One Monday, composition class, I was told to write something what I did over the weekend. See, I couldn't think of anything interesting to write about so I wrote about going to a cowboy movie. I used to go to Roosevelt Theater on Maunakea Street, used to see cowboy picture. See, cowboy pictures you don't have to know English to understand that, by action. So I used to enjoy for another reason, cheap. I think it was only five cents or ten cents admission. Five cents I think it was, [19]39.

So I wrote about the cowboy picture. And I got called in again to principal's office. "I understand you went to movies over the weekend." "Yes." So I said, "Why, is it wrong to go to movies?" He said, "Yes." I said, "Why?" "Jesus Christ. As long as they had any free time, he studied book, Bible, and prayed. He didn't have to go to movies to spend time." So I retorted again, "Well, Mr. Rice, even if he wanted to go, I don't think they had movies those days."

I guess this time, Mr. Rice kind of disgusted with me, too. I was totally disgusted with the school. Not necessarily against the religion, but the way they tried to influence me.

Farrington High School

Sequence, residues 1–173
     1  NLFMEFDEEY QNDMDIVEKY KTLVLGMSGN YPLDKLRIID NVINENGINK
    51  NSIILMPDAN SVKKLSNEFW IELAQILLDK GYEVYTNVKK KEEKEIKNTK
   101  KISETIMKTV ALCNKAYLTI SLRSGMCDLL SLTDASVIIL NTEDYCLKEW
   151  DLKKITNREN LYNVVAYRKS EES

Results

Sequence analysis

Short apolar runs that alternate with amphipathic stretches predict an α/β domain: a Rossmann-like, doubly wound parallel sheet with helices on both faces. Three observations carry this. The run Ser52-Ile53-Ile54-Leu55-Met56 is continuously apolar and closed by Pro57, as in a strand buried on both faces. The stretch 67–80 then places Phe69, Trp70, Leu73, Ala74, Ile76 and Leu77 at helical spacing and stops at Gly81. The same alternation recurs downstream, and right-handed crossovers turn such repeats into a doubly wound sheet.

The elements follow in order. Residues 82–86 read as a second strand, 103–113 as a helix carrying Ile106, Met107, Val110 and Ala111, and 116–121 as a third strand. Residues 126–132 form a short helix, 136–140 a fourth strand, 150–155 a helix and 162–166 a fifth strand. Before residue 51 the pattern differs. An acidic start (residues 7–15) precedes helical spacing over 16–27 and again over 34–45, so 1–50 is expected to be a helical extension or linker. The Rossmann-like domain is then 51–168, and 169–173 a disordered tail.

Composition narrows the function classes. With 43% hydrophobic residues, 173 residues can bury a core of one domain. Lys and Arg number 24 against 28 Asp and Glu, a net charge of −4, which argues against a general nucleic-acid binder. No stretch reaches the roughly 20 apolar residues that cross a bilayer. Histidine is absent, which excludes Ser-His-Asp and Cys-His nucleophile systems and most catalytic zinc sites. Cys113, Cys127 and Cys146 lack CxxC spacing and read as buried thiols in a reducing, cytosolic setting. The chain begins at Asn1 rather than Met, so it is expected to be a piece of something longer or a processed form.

So, at that time, Farrington principal was Mr. Walter Gordon who happened to be his teacher at Central Intermediate when my brother was going over there. So I asked him, "Eh, ask Mr. Gordon if he can admit me to Farrington." So again, they told me, "If he can pass a minimum test, I'll let you in."

Again, I don't know how I passed it, but I was admitted. So September 1942, I transferred to Farrington. But in between, I've been working right through, yeah, part-time. Admitted Farrington, and then finished Farrington [19]42, [19]43, June. Sophomore. At that time, this nisei volunteer group came out, see, 442nd volunteers stuff came out.

Farrington High School Principal gives farewell speech to AJA boys, 1943

Takejiro Higa's interview courtesy of the Center for Oral History. Photographs courtesy of Takejiro Higa.